Bike, bus and walk |

Bike, bus and walk

Melanie Wong
Danny Katz, director of CoPIRG, loads his bike on to the ECO bus at the Vail transportation center on Monday. CoPIRG is the Colorado Public Interest Research Group.
Townsend Bessent | |

Find out more

See a complete photo album of the Vail Valley Transportation Triathlon at CoPIRG’s Facebook Page. Find out more about the organization’s work and see their transportation toolkit, which offers suggestions for better multimodal transportation in Colorado at

VAIL — The gray skies and steady drizzle on Monday morning didn’t dampen Danny Katz’s enthusiasm as he readied to load his commuter bike onto a rack of a town bus.

“Days like this are actually a great way to show how an area’s transportation system works. You should be able to get around by bike, bus or foot even on days that aren’t warm and sunny,” he said.

Katz is the director of the Colorado Public Interest Research Group, is a statewide transportation advocacy group. CoPIRG has been traveling to towns and cities around Colorado doing “transportation triathlons” — Katz takes a tour around town bicycling, walking and using public transit, documenting his progress in photos. The goal is to bring attention to the local benefits and challenges of safe and efficient biking, walking and transit infrastructure and services.

“We document the good and the bad and give an outsider’s view of transit in the area. Hopefully, that encourages improvement from there,” said Katz.

Ellie Caryl of ECO Trails, Jared Barnes of ECO Transit and Nadine Davis of the Vail Valley Vixens bike group aided Katz’s “triathlon”. He began at the Vail Transportation Center, taking the bus around town, then riding down through Dowd Junction to Eagle Vail. From there, Ellie Caryl of ECO Trails gave him a driving tour of Avon and its bus system, pedestrian system and bike sharrows on the roads. He biked to Edwards to see the trail connections to the school campuses and ended the morning biking Vail’s in-town recreation paths and walking around the villages.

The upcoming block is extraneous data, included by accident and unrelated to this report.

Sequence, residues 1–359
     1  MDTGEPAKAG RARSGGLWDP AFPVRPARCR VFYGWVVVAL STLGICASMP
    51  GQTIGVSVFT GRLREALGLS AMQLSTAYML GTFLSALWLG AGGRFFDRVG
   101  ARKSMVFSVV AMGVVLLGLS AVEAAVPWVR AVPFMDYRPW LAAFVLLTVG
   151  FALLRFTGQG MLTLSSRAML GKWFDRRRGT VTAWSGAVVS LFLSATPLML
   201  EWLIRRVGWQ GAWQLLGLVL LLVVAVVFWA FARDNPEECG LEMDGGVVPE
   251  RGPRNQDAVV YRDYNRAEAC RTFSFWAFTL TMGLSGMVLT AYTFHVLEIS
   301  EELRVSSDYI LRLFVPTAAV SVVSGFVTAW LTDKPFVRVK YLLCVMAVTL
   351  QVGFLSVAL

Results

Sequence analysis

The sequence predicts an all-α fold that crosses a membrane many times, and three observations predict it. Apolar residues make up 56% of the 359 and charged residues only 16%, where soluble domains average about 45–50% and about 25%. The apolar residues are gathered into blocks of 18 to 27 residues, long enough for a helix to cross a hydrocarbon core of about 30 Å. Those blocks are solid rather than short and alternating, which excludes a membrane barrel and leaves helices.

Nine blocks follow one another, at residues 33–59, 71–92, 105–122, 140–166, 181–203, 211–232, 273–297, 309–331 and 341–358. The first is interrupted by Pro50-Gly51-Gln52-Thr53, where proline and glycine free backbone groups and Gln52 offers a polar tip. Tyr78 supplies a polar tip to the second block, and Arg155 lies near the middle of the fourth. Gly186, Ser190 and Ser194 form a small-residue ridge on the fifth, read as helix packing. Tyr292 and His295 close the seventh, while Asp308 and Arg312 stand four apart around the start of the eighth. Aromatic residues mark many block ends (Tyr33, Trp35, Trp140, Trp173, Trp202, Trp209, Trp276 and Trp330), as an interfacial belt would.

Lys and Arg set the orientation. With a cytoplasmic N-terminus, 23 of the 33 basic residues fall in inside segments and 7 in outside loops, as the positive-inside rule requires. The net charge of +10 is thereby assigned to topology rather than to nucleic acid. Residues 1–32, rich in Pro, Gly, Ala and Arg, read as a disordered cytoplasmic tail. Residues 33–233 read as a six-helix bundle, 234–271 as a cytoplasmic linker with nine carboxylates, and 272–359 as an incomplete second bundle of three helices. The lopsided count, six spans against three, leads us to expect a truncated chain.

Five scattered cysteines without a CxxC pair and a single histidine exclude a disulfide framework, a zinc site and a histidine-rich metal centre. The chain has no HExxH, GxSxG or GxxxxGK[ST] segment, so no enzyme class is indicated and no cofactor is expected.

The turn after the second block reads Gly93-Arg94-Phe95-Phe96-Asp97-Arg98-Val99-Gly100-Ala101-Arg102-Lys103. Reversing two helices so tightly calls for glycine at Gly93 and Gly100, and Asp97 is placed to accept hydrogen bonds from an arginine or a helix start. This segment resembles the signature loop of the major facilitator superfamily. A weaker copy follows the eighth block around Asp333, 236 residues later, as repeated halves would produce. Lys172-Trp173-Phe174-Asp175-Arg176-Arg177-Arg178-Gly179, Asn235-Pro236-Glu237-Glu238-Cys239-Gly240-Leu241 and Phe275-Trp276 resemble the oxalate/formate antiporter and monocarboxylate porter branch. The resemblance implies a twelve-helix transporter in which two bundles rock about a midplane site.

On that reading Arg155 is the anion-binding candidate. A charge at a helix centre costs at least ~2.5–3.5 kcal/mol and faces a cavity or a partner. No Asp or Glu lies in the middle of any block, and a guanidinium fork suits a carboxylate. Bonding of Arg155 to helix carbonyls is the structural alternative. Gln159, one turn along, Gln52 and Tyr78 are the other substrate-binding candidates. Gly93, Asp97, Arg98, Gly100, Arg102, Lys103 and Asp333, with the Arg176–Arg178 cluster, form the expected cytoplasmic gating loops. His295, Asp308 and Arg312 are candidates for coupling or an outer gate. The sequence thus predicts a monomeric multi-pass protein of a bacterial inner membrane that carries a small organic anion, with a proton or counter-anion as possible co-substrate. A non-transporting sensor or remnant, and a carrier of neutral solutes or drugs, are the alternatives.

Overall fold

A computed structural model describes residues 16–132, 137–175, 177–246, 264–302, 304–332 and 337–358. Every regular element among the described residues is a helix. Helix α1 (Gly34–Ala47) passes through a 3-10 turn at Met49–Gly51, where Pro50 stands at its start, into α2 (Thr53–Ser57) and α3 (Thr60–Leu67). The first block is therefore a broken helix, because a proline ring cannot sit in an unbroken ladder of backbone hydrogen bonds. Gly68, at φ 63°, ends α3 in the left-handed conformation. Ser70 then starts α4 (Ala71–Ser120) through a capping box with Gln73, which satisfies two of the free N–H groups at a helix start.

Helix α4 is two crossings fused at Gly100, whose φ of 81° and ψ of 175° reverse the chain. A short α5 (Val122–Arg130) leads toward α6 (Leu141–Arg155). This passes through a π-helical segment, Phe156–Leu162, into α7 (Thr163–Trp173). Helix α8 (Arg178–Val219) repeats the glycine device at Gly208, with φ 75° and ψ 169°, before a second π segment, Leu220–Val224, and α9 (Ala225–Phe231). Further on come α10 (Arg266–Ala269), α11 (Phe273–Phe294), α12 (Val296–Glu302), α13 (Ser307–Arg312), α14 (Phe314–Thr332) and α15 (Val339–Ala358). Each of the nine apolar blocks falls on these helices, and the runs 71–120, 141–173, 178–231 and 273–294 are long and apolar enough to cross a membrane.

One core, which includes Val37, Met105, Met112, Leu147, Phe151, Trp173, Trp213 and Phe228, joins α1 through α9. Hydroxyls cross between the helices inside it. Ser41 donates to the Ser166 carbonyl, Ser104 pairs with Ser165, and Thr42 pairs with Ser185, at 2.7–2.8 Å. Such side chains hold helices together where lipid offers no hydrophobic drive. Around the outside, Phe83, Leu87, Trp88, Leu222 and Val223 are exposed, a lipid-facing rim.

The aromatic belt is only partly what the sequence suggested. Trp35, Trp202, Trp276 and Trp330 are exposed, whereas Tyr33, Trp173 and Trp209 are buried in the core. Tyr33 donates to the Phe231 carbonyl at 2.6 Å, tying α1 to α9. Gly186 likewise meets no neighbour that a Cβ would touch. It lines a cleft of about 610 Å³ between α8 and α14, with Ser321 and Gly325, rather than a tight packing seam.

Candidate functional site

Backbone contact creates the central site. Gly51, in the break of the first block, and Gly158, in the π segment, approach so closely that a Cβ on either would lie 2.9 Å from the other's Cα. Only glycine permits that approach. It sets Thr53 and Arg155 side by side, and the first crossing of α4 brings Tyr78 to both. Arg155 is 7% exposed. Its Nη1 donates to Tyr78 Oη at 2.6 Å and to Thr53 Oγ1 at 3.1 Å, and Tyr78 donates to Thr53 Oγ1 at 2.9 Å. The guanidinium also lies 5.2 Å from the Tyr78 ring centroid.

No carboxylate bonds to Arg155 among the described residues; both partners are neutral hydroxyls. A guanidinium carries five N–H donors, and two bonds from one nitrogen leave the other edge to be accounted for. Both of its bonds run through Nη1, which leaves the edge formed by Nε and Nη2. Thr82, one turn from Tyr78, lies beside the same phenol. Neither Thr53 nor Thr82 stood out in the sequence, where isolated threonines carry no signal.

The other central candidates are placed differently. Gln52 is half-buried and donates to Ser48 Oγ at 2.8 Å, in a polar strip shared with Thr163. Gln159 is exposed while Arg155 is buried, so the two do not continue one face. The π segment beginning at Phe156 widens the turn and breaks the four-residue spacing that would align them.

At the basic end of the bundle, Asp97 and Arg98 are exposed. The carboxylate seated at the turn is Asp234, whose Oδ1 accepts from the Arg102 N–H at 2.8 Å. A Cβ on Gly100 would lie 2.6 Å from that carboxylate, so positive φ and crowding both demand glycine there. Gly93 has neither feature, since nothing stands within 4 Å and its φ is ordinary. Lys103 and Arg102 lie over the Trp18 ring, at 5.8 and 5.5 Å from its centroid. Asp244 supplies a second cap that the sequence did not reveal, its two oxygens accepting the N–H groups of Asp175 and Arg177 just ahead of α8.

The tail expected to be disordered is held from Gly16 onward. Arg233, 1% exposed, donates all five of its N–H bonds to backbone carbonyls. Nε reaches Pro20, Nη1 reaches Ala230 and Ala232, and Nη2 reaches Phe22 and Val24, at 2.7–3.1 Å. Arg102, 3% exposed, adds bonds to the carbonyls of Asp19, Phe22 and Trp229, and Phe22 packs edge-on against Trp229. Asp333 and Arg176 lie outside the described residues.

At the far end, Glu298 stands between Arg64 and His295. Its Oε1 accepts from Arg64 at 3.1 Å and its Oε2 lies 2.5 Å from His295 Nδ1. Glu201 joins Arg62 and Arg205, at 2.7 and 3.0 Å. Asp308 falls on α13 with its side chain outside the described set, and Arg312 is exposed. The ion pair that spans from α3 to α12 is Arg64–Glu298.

Touring the valley

So how did the Vail Valley do as a multimodal community?

Pretty good, says Katz.

“There’s a lot of connectivity here. Each town had its own little bus service, and it’s pretty easy to navigate on bike,” he said. “There are definitely parts where you lose connectivity (with the paths) and have to go on the road, but ECO Trails seems to have plans for almost all of them. There are a few holes, but it looks like they’ll get filled.”

He noted that Eagle County faces some significant challenges when it comes to building bike and pedestrian paths.

“There’s not a lot of room to build, and often your choices are to put a path between the interstate and a creek, which comes with all sorts of infrastructure challenges,” he said. “

Overall, the valley was quite pedestrian friendly, especially Vail, and signs and bus systems were easy to read, he said. (Although, he admitted he missed a few buses in Vail before he found the right one).

“Any places for improvement would be making sure there’s complete connection for the recreation paths, which is in the works,” he said. “Clearly the valley is recognizing the importance of transit.”

So far this fall, Katz has completed similar triathlon tours of Colorado towns that include Denver, Boulder, Lone Tree. He visited Steamboat Springs on Wednesday and has plans for Fort Collins, Greeley and Colorado Springs in the coming weeks as well.

Upcoming improvements

Caryl said it was helpful to hear an outsider’s perspective on the local transportation system.

“I was happy to hear his perspective as an urban dweller. He said he thought we were in pretty good shape,” she said.

ECO Trails has plans to close 19 miles worth of gaps in the Eagle Valley recreation trail in the coming years. The highest priority sections to fill will be in Eagle Vail and from Dowd Junction to Minturn. Great Outdoors Colorado is looking for a project, and completing a path between Wolcott and Eagle might be a possible contender, Caryl said.

Also coming next year, Eagle County will be working to make pedestrian crossings on Highway 6 safer. A study that will be conducted next year will evaluate where people cross and where safer crossings are needed.

Assistant Managing Editor Melanie Wong can be reached at 970-748-2927 and Follow her on Twitter @mwongvail.

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